BATON ROUGE, LA — “Are you a Tigah fan?”
Danny Robert, the 2012 Jambalaya World Champion, has just one question for me. It’s Thursday night, 48 hours before LSU will host Florida under the lights at Tiger Stadium and Robert is cooking for BASF, the chemical plant he works at just outside of town, in the Jambalaya Jam. In our introduction my accent gives away that, while from the South, I am quite clearly not from Louisiana and, as such, the question must be asked.
This particular weekend, I am an LSU fan and have the Tigers -13 ticket to prove it. Robert accepts this as good enough and we talk briefly about the Tigers in the shadow of the Old Capitol Building as he patiently awaits when they finally announce the results of the JamJam so he can make his way back home. For me, it’s the perfect introduction to Baton Rouge, a place with a unique history all its own, where the city, government, LSU football, and food are all inescapably intertwined.
Sitting on the Mississippi River, an hour drive west of New Orleans, Baton Rouge exists almost in a different world — as does just about everything else from New Orleans. The most famous Louisiana city is a place where the party never has to end and the entertainment options are endless. Baton Rouge, meanwhile, is a working-class city surrounded by chemical plants and sugar mills, and it exists as the capital city of Louisiana exactly for the fact that it isn’t New Orleans.
Because the state’s legislators enjoyed New Orleans too much, it was written into the state constitution that the seat of government in Louisiana would be placed no fewer than 60 miles outside of New Orleans, preferably on the Mississippi River for access. Baton Rouge fit the bill. The Old State Capitol building, a Gothic-inspired castle, was constructed and became the center of downtown. It burned down aside from the brick and plaster exterior while occupied by the Union army in the Civil War, and was rebuilt after. Governor Huey Long, a man with a wildly interesting story of his own, would eventually build his own capitol building — which I had described to me as, “if someone vomited Art Deco everywhere” — out of spite because being in the old capitol reminded him of the state legislature’s attempt at impeaching him.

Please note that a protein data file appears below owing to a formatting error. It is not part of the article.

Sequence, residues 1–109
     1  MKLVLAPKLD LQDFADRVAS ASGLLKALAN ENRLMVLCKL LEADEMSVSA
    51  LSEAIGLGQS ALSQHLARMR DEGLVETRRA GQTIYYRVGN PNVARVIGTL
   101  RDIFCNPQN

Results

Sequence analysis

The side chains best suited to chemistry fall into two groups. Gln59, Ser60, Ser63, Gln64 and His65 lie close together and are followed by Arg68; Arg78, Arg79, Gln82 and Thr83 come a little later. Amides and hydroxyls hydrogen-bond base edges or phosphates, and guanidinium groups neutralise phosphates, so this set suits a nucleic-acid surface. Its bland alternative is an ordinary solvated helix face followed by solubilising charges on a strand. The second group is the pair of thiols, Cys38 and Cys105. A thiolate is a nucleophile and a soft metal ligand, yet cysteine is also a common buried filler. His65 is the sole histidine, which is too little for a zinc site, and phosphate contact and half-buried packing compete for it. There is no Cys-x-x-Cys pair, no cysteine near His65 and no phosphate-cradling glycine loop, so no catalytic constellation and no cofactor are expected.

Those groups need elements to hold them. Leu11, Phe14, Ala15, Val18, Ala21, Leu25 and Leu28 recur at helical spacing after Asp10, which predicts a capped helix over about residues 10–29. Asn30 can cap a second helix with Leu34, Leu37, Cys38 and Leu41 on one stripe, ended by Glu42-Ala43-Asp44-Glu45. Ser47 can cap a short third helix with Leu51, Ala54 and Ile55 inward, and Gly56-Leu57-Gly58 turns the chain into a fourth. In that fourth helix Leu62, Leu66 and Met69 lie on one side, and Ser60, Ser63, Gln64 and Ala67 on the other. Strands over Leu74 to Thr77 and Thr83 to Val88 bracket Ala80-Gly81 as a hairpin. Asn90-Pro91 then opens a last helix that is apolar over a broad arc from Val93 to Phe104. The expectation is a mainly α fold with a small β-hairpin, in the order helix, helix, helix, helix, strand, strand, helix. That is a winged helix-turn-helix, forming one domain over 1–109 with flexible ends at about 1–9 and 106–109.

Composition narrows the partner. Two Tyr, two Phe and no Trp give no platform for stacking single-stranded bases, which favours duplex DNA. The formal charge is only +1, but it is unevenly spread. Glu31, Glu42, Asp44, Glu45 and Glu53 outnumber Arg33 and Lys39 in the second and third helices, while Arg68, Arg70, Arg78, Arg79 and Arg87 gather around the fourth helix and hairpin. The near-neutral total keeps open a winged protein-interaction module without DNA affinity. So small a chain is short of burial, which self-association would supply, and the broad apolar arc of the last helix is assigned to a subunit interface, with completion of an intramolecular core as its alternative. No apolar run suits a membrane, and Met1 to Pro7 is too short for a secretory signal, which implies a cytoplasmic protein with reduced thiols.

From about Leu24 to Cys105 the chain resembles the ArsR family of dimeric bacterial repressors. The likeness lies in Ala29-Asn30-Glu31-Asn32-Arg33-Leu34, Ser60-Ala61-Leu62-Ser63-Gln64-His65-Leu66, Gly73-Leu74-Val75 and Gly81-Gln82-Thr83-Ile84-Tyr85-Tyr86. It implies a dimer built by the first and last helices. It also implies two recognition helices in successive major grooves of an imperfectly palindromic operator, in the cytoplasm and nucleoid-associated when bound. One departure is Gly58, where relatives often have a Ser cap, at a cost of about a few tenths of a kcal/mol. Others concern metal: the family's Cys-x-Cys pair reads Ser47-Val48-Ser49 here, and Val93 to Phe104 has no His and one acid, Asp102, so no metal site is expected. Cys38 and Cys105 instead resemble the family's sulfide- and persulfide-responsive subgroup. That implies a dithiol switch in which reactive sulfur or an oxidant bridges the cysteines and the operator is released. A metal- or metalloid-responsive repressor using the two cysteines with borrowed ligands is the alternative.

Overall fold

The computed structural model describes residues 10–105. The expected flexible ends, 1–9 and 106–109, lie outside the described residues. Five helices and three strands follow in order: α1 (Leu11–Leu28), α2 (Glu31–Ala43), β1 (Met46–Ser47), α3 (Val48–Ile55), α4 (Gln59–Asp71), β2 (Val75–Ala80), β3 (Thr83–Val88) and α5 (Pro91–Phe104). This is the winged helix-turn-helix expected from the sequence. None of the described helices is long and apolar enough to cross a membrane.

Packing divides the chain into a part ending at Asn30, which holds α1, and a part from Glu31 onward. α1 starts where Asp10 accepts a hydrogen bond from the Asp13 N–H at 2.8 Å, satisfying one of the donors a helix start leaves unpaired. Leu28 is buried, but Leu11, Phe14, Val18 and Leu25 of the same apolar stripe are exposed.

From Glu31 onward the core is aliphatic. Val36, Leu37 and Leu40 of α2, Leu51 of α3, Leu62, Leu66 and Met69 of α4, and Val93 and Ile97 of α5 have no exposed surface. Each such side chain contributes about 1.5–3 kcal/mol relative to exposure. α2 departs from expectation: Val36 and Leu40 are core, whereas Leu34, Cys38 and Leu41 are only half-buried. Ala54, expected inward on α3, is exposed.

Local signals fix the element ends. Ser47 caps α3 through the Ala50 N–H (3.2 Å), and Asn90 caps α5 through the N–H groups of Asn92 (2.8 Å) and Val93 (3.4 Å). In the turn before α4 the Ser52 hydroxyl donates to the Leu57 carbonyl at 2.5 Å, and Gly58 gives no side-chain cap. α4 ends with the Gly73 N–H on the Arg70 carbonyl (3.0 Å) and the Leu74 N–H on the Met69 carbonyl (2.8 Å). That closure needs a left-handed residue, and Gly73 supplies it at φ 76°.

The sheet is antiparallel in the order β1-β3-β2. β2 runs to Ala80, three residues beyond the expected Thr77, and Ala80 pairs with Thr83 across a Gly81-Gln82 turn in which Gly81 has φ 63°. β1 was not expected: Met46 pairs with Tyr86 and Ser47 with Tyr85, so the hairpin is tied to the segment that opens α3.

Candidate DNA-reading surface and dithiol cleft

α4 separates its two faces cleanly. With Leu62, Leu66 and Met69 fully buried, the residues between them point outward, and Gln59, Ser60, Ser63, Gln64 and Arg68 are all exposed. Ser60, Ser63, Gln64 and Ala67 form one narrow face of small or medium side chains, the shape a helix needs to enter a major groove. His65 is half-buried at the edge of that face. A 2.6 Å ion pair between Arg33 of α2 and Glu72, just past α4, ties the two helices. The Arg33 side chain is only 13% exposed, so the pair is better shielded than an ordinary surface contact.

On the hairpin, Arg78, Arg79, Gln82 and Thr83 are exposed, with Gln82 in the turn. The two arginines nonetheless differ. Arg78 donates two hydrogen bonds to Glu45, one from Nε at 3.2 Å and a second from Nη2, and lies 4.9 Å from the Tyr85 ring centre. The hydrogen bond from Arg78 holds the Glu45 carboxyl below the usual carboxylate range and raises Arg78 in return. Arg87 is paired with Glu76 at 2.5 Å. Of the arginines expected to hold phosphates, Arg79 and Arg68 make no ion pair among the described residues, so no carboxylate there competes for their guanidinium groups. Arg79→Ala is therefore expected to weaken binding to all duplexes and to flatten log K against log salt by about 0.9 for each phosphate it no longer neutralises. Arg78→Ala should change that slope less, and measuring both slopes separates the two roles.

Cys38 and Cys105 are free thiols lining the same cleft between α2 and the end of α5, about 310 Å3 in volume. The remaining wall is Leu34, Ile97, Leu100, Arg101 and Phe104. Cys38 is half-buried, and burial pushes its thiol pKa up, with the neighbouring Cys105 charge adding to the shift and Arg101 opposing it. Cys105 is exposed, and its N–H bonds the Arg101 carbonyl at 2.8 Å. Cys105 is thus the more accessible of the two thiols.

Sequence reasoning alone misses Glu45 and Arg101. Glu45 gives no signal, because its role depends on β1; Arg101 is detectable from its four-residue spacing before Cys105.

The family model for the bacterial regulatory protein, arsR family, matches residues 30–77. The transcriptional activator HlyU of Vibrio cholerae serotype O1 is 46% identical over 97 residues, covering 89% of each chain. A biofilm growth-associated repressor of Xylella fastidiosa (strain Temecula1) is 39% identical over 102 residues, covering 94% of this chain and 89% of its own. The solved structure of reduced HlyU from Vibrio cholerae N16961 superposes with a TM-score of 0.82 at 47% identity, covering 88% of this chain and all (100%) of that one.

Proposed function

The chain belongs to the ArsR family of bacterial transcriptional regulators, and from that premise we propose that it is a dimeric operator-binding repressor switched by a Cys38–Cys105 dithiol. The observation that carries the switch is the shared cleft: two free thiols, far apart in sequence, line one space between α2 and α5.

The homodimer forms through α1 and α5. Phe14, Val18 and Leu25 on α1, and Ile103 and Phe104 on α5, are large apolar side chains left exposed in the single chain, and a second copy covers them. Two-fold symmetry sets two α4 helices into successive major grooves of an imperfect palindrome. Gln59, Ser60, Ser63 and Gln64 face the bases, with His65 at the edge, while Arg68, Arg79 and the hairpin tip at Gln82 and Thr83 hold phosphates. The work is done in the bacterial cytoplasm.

Even the wild political history of Baton Rouge extends to LSU football. The relationship between LSU football and the legislature in Baton Rouge dates back to the 1930s, when Long (a massive Tigers fan), managed to get Tiger Stadium built in the midst of the Great Depression by pushing it through as a housing project, the only type of building that could get public funds at the time, by putting dorm rooms inside the stadium. Today, a successful head football coach can wield significant political power in the state, something I learn firsthand as the Florida game is happening on election day in the state, and Coach Ed Orgeron’s endorsement of John Bel Edwards carries serious weight.
I stand and salute as a Tony Chachere’s branded food truck drives by. It’s Saturday morning in Baton Rouge, nine hours until the Tigers will kickoff against the Gators. Behind me, the makings of a “pastalaya” are cooking. Chicken, pork, beef, sausage, jalapeno cheddar sausage, and trinity mix all take their turns in what is, effectively, a giant wok before they’re all mixed together with farfalle noodles and given a healthy seasoning, creating one of the best tasting concoctions I’ve ever had anywhere.